Message 6 of 25 , Mar 31, 2004
                Caveating it with the "sometimes you gotta do what you gotta do"
                clause (which covers hidden CD players for dancers without musicians
                available)

                I totally understand the issue with dynamics and early music
                presentations. I play a repro 15th century harp on a semi-
                professional basis- frequently have to do the sound augmentation
                thing, or folks get upset 'cause they can't hear what they hired.

                But one of the draws of SCA (and other forms of reenactment) for me
                was a chance to *actually get to play the music in the sonic
                environment in which is was originally played* Talk about period
                performance practice! This came home for me at a Pennsic, walking
                through the market place and getting to hear a small folk harp a good
                40-50 feet away, no amping at all. Truly magical (I think of my week
                at Pennsic as the week the radios played my favorite music for a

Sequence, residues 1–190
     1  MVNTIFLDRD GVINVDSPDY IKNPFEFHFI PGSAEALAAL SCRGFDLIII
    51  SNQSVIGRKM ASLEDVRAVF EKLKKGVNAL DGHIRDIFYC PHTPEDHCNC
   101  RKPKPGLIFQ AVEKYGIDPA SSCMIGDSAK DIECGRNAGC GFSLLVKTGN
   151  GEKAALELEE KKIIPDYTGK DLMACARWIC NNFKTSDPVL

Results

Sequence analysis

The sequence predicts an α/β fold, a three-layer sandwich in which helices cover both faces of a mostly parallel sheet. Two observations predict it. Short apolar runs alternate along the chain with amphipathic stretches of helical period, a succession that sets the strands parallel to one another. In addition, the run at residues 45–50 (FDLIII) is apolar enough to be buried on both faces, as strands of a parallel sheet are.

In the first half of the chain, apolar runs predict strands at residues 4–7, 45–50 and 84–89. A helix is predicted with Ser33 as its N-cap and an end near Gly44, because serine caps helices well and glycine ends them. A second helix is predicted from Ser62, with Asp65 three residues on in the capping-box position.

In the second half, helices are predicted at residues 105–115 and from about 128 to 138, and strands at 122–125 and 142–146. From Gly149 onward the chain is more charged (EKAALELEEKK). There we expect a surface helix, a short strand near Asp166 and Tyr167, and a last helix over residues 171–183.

change)

                Without a good sound tech, amping can be a nightmare. Even if I
                wanted to, I'd hate to have to soundcheck around a campfire. What a
                mess, and wouldn't that destroy the period ambiance? I'd rather not
                play at all.

                Rather than get into a volume war with the doumbeks* and boom boxes,
                let's treasure what we have and continue to try to spread the word.

                (Of course, I do double on shawm, so maybe I should be quiet about
                being quiet.....)

                *Not talking about you, Sasha, if you're the band I'm thinking of (Ed
                B's the saz guy, right?) then I've heard you and you guys kick butt.
              • Hasoferet@aol.com
                In a message dated 3/31/04 3:02:08 PM, davidparishwhittaker@hotmail.com writes:
                Message 7 of 25 , Mar 31, 2004
                  In a message dated 3/31/04 3:02:08 PM, davidparishwhittaker@...
                  writes:

                  << Rather than get into a volume war with the doumbeks* and boom boxes,

                  let's treasure what we have and continue to try to spread the word. >>

                  Honestly, though, I've found that live music in a reasonable setting carries
                  FINE. Maybe not one voice filling the Masonic Auditorium, but I've rarely
                  thought 'oh, I can't hear the music' at an event. Especially the doumbeks. ;) But
                  other music as well.

                  Raquel
                  +____________________________________+
                  Do not beg. Do not refuse. Preserve. Bestow.